The stages of canning
- cleaning of raw materials;
- size reduction;
- Metal Detection;
Cleaning of raw materials
All foods to be canned must be washed thoroughly to remove contaminants and inedible matter. For some products this is a one-step process. For others, such as stews, all separate ingredients must go through this process.Size reduction
Certain ingredients, such as vegetables, need to be sliced or diced in order to fit into cans. However, some varieties of carrot are grown especially so that they fit into the can whole.Blanching
Products which contain fruits and vegetables need these ingredients blanched (i.e. immersed in boiling water) before they can be packaged. This process helps with filling the can. Blanching must take place, quickly & cooled immediately to prevent any enzymic reactions such as discolouration from occurring.Metal Detection
Detection and removal of metal contamination (Ferrous, Non Ferrous & SS) from incoming raw materials and formulations prior to/in process of manufacturing of foods.Filling
The cans are filled automatically/Manually with a measured weight or volume of product. A solution of brine, savoury sauce, fruit juice or sugar syrup is usually added. A space is left at the top or the can will distort when sterilized. Food is also packaged in plastic containers. These are known as Retortable Pouches.Sealing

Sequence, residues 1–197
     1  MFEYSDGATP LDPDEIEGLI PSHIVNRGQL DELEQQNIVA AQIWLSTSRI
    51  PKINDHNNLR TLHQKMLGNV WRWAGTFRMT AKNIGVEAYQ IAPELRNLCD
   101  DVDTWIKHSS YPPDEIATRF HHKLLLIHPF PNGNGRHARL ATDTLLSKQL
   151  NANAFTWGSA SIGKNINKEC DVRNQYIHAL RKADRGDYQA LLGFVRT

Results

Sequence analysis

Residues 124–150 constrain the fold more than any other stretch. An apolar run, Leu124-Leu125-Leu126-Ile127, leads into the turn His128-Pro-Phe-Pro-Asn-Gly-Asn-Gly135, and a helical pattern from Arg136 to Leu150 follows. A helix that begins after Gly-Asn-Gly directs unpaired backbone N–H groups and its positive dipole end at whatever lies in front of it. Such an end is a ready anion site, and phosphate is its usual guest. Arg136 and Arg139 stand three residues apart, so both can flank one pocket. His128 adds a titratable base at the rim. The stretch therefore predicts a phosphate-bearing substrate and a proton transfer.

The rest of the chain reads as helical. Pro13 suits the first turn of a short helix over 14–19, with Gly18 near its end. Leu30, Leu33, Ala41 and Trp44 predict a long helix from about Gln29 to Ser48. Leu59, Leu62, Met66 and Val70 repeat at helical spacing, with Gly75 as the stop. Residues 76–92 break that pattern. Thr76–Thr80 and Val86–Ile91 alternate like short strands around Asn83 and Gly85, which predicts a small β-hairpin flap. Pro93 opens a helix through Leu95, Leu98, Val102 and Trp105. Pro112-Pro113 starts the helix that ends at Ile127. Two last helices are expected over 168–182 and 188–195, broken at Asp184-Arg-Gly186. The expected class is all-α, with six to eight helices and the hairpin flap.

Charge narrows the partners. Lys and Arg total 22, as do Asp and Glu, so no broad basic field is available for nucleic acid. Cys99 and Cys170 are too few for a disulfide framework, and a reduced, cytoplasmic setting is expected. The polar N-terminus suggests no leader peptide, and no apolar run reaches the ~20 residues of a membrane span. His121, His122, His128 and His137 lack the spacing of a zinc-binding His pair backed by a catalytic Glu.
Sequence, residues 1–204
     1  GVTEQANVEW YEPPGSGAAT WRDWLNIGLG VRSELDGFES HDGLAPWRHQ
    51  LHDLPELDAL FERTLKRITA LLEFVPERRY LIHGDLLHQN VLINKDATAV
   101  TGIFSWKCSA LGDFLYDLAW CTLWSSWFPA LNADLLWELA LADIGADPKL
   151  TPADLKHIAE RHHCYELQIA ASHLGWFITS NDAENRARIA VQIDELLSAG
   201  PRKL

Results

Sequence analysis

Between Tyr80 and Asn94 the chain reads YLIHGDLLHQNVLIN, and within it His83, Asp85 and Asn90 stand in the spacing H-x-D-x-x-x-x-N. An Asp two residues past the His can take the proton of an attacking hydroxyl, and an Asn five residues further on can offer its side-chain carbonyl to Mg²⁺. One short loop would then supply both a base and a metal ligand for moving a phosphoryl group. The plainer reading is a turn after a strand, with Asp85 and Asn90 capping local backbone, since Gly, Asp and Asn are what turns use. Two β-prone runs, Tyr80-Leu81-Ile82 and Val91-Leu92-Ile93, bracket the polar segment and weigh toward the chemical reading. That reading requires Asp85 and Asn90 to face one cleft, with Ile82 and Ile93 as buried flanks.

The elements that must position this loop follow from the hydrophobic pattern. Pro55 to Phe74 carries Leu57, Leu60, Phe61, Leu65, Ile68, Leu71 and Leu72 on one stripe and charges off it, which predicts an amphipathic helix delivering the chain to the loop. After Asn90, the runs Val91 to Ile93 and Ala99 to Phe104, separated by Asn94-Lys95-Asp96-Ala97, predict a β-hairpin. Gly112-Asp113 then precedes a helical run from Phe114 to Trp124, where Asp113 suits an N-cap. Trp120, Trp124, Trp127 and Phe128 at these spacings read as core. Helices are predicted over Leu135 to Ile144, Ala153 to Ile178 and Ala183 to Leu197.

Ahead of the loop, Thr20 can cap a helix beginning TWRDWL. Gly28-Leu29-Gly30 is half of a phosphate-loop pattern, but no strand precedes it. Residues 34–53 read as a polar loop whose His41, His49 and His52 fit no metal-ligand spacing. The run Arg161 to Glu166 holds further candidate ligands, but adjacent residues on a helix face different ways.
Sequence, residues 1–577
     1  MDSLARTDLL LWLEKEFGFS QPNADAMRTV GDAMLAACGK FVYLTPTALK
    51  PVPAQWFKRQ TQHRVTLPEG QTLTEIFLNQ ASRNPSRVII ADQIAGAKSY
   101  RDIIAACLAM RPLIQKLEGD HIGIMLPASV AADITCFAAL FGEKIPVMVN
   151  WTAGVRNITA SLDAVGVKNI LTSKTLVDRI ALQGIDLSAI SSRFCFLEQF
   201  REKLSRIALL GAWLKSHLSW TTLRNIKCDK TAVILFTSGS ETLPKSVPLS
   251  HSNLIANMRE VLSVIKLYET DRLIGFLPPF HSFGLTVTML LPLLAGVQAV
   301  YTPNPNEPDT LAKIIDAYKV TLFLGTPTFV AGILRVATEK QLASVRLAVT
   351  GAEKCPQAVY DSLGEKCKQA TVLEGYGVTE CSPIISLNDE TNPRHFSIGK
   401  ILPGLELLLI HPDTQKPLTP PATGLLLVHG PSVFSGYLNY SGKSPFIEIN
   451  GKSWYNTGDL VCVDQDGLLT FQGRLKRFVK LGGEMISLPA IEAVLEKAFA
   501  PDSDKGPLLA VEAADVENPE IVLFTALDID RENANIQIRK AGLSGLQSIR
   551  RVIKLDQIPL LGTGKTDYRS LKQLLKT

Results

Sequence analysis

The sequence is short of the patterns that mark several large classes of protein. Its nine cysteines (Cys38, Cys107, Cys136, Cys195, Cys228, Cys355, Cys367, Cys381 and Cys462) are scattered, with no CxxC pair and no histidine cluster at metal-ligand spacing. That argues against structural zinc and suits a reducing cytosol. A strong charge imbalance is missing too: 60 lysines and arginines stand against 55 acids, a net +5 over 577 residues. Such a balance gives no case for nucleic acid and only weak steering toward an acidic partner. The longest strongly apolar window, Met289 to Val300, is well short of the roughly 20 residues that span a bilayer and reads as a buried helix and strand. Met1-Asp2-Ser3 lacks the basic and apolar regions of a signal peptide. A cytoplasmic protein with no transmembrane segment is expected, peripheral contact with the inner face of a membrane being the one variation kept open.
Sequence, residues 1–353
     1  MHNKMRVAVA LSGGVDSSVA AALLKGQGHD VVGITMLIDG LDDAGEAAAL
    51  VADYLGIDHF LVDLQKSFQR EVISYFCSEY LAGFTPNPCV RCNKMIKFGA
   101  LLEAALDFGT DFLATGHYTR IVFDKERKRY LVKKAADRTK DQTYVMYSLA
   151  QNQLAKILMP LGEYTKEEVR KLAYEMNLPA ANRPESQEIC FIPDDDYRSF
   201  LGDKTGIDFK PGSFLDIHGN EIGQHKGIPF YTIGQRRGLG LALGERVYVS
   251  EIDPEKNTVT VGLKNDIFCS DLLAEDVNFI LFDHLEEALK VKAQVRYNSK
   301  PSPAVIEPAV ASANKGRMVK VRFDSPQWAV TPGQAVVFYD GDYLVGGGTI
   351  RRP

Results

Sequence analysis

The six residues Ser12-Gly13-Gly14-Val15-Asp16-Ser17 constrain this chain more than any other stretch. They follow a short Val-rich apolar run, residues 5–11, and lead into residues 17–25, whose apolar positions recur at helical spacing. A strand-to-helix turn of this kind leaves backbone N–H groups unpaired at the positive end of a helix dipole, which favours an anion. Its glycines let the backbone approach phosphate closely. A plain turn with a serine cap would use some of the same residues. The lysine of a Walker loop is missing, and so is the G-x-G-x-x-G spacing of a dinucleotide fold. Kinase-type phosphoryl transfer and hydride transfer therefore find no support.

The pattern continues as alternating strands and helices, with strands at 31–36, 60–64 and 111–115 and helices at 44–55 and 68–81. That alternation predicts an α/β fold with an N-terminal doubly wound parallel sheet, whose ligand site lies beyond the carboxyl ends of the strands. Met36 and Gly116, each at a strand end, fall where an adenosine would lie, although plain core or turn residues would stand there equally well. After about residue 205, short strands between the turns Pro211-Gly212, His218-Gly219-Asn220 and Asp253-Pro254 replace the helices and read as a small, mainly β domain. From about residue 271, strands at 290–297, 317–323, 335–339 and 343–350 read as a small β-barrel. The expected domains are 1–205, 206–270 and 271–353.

The cans are sealed, under vacuum, using a double seam on the can rim. A vacuum is applied to draw out the air at the top of the can and seal the lid. At this stage some product may seep out.Washing
Once sealed, cans are washed to remove any external particles, and are then ready to be sterilisedSterilisation
Batches of cans are placed in a retort, which works like a large pressure cooker. The time taken to sterilise the contents at boiling point would be relatively long. By canning under pressure less time is needed as the temperature rises to 121º C / 127º C.
The retort is sealed and steam is injected. This causes the temperature to rise and eventually results in air being driven out of the retort.
The type of product being canned is of importance at this stage. 'Solid pack' contents, e.g. canned mushrooms, need more time as the heat needs to penetrate the product by conduction. However 'liquid pack' contents, e.g. soups, need far less time as the liquid present helps transfer the heat by convection. This will dictate the pressure and time needed to sterilise the product throughout.
After the cans have been sterilised, they are cooled to prevent overcooking of the contents. This is achieved by spraying cool water over the cans and a gentle reduction in pressure. Any sudden drop in temperature would cause the cans to distort and damage the can seams. The cans are cooled properly to reduce the temperature further.Drying
The remaining heat from the can evaporates any water left on the surface. This is important to prevent rusting during storage and the risk of intake of dirty water if there is a seam defect.Labelling
Finally, cans are coded then labelled with a 'best before' date.